by Gage Patinella
The Gray family was not the sole beneficiary of the National Park Service’s permits to allow grazing within the Organ Pipe Cactus National Monument around the time of its estalishment. Along with the Gray family, Jose Juan Orosco, a Sand Papago Indian, whose family had resided at the desert oasis of Quitobaquito Springs since the late nineteenth century, continued to live his life much as he had prior to the establishment of the monument. Being as Orosco himself held no legal title to the settlement or water at Quitobaquito, the Indian Service intervened on Orosco’s behalf in 1938 persuading the National Park Service to allow Orosco and his family to continue inhabiting, farming, and grazing their small cattle herd at the oasis without a formal permit or fee.
From the get go, the Orosco family provided the National Park Service with its fair share of problems. Orosco built structures and improved upon them without the consent of the NPS, all the while he continued hunting and wood gathering on monument lands. It is also alleged that the Orosco settlement at Quitobaquito Springs was a focal point for smuggling activities in the area. In the spring of 1941, superintendent William Supernaugh advocated formalizing a strict grazing permit for Orosco in an attempt to control his other infractions. In fact, Orosco was such a problem that the National Park Service director himself, Newton B. Drury, petitioned the help of the Commissioner of Indian Affairs in an attempt to gaine Orosco’s compliance, threatening the withdrawal of grazing privileges and even possible eviction. Despite the National Park Service’s efforts, Orosco and his family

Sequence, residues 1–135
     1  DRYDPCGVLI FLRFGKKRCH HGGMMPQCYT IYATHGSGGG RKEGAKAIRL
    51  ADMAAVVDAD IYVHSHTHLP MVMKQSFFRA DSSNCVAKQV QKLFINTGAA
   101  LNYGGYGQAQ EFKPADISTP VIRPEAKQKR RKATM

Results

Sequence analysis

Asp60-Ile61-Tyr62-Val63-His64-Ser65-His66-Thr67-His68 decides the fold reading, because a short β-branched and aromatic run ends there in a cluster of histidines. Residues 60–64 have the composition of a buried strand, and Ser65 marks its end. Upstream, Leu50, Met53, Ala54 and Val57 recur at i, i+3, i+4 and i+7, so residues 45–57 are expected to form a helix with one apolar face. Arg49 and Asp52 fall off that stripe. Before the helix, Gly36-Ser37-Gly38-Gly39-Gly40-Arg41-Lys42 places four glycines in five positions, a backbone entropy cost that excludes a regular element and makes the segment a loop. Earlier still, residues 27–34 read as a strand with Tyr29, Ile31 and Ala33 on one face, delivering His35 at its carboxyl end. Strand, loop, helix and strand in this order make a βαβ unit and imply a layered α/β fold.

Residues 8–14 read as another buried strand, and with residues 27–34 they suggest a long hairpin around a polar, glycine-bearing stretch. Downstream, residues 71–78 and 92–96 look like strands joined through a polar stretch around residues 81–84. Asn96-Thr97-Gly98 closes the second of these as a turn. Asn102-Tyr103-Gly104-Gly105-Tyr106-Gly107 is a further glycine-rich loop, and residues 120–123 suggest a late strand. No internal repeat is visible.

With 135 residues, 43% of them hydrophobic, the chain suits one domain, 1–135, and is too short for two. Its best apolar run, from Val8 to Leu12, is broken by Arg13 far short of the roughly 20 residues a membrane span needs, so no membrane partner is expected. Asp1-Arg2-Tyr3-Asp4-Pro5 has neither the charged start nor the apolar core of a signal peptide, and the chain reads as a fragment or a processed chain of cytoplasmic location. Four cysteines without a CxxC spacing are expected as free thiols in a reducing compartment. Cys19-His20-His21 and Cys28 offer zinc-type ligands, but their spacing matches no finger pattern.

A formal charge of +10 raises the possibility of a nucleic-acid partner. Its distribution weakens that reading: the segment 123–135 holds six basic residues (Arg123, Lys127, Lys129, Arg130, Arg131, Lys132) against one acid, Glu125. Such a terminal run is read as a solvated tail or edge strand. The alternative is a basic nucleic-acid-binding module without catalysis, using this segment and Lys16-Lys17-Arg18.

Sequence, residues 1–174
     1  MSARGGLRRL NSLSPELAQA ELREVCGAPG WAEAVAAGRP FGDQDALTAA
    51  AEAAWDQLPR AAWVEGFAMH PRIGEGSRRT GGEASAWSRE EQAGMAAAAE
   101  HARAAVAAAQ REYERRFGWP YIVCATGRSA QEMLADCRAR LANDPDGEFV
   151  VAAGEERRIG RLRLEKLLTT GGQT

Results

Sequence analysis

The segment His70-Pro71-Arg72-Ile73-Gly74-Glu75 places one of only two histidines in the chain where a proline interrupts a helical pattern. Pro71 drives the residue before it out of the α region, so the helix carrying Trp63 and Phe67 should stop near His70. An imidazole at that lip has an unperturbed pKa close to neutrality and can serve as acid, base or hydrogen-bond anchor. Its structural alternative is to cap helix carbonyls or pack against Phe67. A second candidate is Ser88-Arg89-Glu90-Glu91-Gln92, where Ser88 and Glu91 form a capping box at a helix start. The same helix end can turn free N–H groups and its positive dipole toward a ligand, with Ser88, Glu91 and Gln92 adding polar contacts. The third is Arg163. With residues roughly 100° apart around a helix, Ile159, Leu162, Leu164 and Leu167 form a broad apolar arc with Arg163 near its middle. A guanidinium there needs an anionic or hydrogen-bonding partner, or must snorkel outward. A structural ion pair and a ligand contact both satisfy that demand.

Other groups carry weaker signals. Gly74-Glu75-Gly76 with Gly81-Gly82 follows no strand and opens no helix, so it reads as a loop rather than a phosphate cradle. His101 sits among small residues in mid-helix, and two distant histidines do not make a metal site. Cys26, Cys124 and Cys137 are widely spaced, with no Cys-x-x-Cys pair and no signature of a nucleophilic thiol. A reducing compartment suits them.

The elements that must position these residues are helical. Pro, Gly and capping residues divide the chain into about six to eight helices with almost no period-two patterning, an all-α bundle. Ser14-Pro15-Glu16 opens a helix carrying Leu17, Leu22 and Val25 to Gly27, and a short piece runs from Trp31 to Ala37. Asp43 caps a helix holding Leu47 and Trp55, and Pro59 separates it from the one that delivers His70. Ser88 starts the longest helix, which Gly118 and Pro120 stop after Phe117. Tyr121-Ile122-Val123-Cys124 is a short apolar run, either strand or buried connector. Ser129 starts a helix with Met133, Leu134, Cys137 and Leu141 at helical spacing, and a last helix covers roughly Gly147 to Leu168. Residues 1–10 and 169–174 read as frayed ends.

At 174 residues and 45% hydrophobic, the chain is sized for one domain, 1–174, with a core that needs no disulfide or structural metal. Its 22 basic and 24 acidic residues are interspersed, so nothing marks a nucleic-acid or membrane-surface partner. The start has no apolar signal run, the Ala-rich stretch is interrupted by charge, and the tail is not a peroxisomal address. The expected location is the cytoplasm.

Brenna Lauren Lissoway, “Administrative History of Organ Pipe Cactus National Monument: The First Thirty Years, 1937-1967” (Master’s Thesis, Arizona State University, 2004), 90.
 Ibid., 91.